Posted by: DD | February 21, 2007

no. 388 – I’ll be Damned

I have had some pretty crappy advice and comments handed to me over the past in relationship to our infertility and miscarriages. They are equally spread out between friends, family and even strangers. They range in ignorance, from the outwardly rude (“I don’t know why you bother trying," said by my MIL after our 3rd miscarriage) to the painfully innocent (“It’s God’s will," said by just about every one after each of the three miscarriages).

But I have to admit that I never felt as if these comments were made maliciously or with the intent to hurt me. Their ignorance has made me angry on the inside, but I accept that if nothing else, they are only trying to reach out in their own way. We are only human after all, and as such, not everyone has the experience sometimes necessary to “say the right thing”. I’m not that cruel to wish this misery on anyone just so they can “get it”.

So we try to educate our friends and families, whether it’s through our blogs, or letters, or one-on-one discussions, on what is the “right” thing to say. And wow! Someone actually listened. Someone out there who had some clout went out and created some “coping” cards for couples facing infertility and miscarriage.

And guess what?

We get pissy about that, too.

I understand that having our bodies totally fuck us in all the wrong ways makes us angry and bitter. I am very angry and very bitter. No more or no less than any of us struggling through infertility. But I don’t understand why when someone attempts something new, something we’ve grumbled about being ignored in the past, we still gnash our teeth.

I have several sympathy cards from my first miscarriage. I didn’t need one specifically stating, “Hey, sorry your unborn baby died during your second trimester. That must really suck.” But if someone had given me one of these new cards, I would have been just as moved as I was when I received the one that was blank except for the “I’m sorry” written inside. It shows that someone was thinking enough about my pain to go and pick out a damn card. It could have said “Congratulations on you new job!” and I still would have been touched.

On my third miscarriage? I didn’t get shit. I even joked with a couple of co-workers that they should get me a card. Even one with a naked guy on it to help pick me up. Guess what? They didn’t and maybe it’s because I wasn’t “serious” enough. Kudos to the pregnant co-worker who was the only one in my office who acknowledged my miscarriage by submitting a comment on my blog.

Maybe you all think this attempt with the cards was stupid or ill conceived. I don’t. I’m not embarrassed to admit that sometimes it really is the thought that counts. And I know there were some others out there who also thought it was a good idea…until there was some ridicule and now tunes are being changed. The only negative observation I have is that who else besides those of us who read about it in the news or blogs would ever think to get one? I can’t think of one person IRL who’s going to walk into Hallmark and say, "Do you have anything for someone going through donor intra-uterine insemination because of male-factor infertility?"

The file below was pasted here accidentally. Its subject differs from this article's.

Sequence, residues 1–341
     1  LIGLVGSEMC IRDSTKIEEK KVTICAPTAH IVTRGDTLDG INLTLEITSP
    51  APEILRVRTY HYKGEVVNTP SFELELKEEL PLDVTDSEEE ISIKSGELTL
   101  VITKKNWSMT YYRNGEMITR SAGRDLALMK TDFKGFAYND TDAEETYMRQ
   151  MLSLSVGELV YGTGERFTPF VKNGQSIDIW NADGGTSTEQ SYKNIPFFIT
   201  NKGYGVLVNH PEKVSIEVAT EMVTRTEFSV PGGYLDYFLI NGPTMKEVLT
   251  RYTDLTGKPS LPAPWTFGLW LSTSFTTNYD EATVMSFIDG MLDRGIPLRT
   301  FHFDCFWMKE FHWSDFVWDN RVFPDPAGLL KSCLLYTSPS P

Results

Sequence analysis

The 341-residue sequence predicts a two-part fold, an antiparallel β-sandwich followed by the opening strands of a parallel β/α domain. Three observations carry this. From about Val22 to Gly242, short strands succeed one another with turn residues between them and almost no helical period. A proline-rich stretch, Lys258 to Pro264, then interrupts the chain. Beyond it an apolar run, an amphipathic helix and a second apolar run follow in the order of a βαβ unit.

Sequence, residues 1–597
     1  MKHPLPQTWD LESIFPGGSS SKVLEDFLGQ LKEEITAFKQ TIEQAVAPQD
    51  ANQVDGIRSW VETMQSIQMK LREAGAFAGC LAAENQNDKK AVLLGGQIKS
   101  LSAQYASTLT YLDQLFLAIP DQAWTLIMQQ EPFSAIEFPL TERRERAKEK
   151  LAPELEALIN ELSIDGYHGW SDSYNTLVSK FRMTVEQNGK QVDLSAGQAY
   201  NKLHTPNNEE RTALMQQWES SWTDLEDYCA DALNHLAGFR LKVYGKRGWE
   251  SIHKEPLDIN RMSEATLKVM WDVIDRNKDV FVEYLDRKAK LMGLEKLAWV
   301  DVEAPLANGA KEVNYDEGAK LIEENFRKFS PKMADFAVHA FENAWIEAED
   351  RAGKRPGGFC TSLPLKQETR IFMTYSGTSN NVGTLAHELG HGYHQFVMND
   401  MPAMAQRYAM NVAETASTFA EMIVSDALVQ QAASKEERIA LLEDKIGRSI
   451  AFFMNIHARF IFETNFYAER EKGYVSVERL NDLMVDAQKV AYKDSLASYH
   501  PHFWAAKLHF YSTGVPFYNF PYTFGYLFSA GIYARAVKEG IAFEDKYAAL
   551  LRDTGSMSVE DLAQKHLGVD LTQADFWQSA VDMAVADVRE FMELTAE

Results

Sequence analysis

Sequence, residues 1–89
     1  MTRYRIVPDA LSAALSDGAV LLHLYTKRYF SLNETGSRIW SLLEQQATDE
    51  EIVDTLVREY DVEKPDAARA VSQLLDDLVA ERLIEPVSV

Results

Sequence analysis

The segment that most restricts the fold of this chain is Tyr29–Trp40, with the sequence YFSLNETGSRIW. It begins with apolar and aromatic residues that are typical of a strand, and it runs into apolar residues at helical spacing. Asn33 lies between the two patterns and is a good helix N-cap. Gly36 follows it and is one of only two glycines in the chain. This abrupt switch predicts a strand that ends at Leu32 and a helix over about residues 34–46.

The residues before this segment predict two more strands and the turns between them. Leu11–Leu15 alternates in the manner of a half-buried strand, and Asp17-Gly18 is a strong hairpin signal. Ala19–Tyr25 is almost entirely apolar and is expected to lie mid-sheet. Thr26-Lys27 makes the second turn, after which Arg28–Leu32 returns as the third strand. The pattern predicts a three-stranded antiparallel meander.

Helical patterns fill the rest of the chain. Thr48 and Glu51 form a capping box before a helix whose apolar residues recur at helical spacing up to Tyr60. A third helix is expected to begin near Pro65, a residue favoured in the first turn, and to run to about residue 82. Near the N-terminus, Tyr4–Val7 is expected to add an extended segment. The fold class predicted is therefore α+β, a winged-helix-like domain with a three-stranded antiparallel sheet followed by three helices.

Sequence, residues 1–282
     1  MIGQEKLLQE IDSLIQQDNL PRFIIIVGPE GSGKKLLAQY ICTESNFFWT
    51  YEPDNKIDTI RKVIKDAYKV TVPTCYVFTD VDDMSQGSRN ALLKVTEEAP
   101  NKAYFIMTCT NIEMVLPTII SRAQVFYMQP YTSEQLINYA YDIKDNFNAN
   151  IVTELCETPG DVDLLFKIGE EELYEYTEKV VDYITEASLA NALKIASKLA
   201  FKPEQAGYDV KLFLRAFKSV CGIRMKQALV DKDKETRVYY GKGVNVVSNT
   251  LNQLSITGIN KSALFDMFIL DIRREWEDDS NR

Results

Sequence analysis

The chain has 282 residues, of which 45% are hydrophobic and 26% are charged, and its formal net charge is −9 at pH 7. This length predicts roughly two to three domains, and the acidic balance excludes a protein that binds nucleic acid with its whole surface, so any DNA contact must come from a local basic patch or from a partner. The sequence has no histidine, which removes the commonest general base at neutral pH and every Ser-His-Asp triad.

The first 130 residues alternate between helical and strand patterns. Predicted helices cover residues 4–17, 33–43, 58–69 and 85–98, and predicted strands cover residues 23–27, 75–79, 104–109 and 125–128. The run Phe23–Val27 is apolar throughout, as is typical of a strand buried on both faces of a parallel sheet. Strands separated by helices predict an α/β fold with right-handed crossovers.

Why should we expect these corporations to even bother trying? They go from hearing "Pay attention to us! Just because we’re infertile doesn’t mean we aren’t regular consumers!" to "Why are you mocking us? How dare you make money off of our misery!"

Damned if they do; damned if they don’t.

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Responses

  1. I thought the cards were fine. I think they are a step forward toward recognizing real pain in folks lives. Are they “perfect”? No, but nothing in this life is.

    I really don’t get why folks are getting pissy about this…Do they think our RE’s aren’t making a buck off our misery, too? Ever seen the doctors’ parking lot at your local hospital? Not too many Hondas but a heck of a lot of Beemers, Mercedes and other high end vehicles. Seems like someone’s making a dime off someone else’s misery there too…

  2. I thought the cards were fine. I think they are a step forward toward recognizing real pain in folks lives. Are they “perfect”? No, but nothing in this life is.

    I really don’t get why folks are getting pissy about this…Do they think our RE’s aren’t making a buck off our misery, too? Ever seen the doctors’ parking lot at your local hospital? Not too many Hondas but a heck of a lot of Beemers, Mercedes and other high end vehicles. Seems like someone’s making a dime off someone else’s misery there too…

  3. I thought the cards were fine. I think they are a step forward toward recognizing real pain in folks lives. Are they “perfect”? No, but nothing in this life is.

    I really don’t get why folks are getting pissy about this…Do they think our RE’s aren’t making a buck off our misery, too? Ever seen the doctors’ parking lot at your local hospital? Not too many Hondas but a heck of a lot of Beemers, Mercedes and other high end vehicles. Seems like someone’s making a dime off someone else’s misery there too…

  4. I thought the cards were fine. I think they are a step forward toward recognizing real pain in folks lives. Are they “perfect”? No, but nothing in this life is.

    I really don’t get why folks are getting pissy about this…Do they think our RE’s aren’t making a buck off our misery, too? Ever seen the doctors’ parking lot at your local hospital? Not too many Hondas but a heck of a lot of Beemers, Mercedes and other high end vehicles. Seems like someone’s making a dime off someone else’s misery there too…

  5. I thought they were actually pretty well done. If they’ve gotten so into the niche marketing of specific cards to have one that says “congratulations for using the potty!” (no lie; I saw it the other day) then I don’t think it’s too much to ask for a miscarriage/IF specific line.

  6. While I do think a general “I’m sorry” is most effective, I am quite sure that I’ll be desperately needing one of those specialty pet death sympathy cards soon. I used to think they were whacky, but I’m feeling the need now. Hence, who am I to say about IF ones? They might be as mainstream as pet ones soon.